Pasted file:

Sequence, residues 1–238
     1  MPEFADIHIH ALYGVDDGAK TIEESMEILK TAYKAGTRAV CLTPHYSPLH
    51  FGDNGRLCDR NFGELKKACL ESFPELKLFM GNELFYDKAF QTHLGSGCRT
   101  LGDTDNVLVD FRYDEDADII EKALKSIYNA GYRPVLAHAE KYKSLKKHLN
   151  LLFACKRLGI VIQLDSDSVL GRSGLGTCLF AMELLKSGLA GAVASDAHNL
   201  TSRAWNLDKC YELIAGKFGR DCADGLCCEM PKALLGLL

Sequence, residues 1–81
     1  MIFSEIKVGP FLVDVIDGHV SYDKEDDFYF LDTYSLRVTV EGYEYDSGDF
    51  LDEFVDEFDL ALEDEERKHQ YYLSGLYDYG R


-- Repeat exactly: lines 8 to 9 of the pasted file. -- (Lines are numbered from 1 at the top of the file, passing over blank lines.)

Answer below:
     1  MIFSEIKVGP FLVDVIDGHV SYDKEDDFYF LDTYSLRVTV EGYEYDSGDF
    51  LDEFVDEFDL ALEDEERKHQ YYLSGLYDYG R